How Britain's Pirate Finder General is trying to save the Analog Economy at the Digital Economy's expense

My latest Guardian column looks at Peter Mandelson's new "Digital Economy Bill," a sweeping piece of proposed British legislation that would give Mandelson broad powers to act as the Pirate-Finder General, with the implausible aim of reducing UK file-sharing by 70 percent in one year.

Mandelson argues that Britain's Digital Economy will be based on the contrafactual premise of a steady decrease in computer speed, drive capacity, technical competence, network versatility and network ubiquity. Of course, the real digital economy is in those British companies that figure out how to thrive whether or not copying occurs - companies that use networks to reduce their costs, reach larger customer bases, and provide services whose demand and profitability grow with network use, companies such as Last.fm or Moo.com.

These companies' businesses are inconceivable without the net, but they also risk being collateral damage in Mandelson's war on the British internet. Just increasing the liability for copyright infringement (and creating a duty to police user-submitted files for infringement) could bankrupt either company overnight. How would Moo sell business cards with your personal photos on them if they could be sued into oblivion should those photos turn out to infringe copyright?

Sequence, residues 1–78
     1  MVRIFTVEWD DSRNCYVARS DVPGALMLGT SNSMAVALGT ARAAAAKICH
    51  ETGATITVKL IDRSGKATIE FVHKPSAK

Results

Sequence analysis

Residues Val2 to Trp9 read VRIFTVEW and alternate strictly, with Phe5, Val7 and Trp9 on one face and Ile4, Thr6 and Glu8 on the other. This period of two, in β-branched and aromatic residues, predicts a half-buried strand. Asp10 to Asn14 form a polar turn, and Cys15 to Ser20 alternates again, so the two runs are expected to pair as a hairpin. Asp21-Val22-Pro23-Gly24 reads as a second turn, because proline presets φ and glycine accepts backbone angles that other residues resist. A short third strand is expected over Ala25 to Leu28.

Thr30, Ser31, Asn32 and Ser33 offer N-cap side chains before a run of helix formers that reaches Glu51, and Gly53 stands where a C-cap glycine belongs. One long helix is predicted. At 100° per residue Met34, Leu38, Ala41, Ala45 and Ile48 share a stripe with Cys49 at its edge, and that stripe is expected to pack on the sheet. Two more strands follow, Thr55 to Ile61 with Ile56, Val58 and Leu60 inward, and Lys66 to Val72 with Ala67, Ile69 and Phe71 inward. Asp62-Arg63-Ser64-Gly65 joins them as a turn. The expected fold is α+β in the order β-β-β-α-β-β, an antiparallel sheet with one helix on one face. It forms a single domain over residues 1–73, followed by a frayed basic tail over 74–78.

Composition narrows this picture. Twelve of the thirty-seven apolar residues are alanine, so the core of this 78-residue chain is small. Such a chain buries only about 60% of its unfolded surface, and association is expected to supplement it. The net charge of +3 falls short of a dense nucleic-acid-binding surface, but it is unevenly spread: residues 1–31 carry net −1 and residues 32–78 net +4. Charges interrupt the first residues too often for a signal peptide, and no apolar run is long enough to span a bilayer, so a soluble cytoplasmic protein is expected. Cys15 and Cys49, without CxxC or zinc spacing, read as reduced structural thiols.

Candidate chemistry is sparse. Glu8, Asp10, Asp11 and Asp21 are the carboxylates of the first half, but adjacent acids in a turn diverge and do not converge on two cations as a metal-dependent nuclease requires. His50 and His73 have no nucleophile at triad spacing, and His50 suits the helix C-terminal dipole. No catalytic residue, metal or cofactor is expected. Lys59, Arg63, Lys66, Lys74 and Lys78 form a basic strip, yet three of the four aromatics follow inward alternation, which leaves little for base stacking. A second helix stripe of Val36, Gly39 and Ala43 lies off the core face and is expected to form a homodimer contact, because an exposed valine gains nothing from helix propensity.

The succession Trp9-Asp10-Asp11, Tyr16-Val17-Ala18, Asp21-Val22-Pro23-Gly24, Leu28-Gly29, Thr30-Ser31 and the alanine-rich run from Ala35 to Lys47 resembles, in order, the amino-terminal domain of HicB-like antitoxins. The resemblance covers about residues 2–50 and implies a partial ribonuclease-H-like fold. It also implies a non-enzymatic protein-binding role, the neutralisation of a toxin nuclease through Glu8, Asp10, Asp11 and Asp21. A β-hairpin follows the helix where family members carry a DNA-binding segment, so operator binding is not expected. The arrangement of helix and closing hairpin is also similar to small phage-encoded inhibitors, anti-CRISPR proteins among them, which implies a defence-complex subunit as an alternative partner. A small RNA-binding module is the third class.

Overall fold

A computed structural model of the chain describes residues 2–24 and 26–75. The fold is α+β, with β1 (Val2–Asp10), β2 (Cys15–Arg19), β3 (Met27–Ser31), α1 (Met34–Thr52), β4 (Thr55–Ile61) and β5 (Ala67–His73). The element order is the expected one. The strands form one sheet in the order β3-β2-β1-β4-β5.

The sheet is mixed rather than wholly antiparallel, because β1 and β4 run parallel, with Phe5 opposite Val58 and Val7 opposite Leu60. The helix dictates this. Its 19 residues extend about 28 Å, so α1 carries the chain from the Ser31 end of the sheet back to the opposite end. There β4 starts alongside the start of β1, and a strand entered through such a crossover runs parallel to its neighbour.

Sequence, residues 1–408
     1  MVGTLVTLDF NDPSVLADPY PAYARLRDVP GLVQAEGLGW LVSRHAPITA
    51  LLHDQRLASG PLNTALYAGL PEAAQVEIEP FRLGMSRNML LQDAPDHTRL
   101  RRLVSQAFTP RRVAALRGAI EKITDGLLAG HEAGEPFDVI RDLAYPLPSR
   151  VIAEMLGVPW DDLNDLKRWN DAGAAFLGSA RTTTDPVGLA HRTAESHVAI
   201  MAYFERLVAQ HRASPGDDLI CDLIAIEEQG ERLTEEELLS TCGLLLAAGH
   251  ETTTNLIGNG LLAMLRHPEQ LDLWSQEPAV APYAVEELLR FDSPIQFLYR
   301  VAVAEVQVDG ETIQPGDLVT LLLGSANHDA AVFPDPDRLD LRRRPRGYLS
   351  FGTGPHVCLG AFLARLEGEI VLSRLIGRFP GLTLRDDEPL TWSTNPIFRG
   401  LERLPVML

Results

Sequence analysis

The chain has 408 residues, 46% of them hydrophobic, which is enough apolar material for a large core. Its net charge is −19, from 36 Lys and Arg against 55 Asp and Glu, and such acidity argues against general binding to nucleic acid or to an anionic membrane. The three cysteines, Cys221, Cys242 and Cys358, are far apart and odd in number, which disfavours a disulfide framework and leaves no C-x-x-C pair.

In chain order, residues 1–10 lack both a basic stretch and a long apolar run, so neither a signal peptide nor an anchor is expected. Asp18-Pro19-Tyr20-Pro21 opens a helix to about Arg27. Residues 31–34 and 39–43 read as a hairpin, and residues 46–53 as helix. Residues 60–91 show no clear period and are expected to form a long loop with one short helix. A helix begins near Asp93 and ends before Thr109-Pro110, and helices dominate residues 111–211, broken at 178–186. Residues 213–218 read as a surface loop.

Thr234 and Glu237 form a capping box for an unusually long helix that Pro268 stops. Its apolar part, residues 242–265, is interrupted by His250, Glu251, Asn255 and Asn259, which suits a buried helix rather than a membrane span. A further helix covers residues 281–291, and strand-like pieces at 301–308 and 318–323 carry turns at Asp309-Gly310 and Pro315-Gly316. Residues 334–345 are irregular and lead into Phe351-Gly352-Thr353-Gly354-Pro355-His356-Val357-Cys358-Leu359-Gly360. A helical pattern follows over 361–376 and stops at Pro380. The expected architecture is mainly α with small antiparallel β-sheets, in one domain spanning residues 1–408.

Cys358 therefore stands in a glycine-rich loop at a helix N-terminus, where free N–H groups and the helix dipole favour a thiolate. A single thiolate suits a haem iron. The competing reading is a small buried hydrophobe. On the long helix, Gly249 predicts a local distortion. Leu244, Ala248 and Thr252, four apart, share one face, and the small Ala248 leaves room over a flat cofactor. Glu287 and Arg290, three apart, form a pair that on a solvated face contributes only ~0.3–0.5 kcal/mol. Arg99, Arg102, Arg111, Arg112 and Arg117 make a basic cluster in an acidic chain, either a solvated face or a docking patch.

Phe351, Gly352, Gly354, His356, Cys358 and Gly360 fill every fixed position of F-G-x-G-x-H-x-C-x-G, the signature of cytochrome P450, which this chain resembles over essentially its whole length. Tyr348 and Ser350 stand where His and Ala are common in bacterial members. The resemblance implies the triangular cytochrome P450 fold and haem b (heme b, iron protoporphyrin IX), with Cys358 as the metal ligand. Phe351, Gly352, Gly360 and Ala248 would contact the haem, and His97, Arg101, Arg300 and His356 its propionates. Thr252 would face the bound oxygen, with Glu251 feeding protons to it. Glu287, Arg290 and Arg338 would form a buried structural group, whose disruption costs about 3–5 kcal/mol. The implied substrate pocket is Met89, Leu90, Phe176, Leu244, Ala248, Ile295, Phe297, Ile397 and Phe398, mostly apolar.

Mandelson is standing up for the Analogue Economy, the economy premised on the no-longer-technically-true idea that copying is hard. Companies based on the outdated notion of inherent difficulty of copying must change or they will die. Because copying isn't hard. Copying isn't going to get harder. This moment, right now, 2009, this is as hard as copying will be for the rest of recorded history. Next year, copying will be easier. And the year after that. And the year after that.

Why does Mandelson favour the Analogue Economy over the Digital?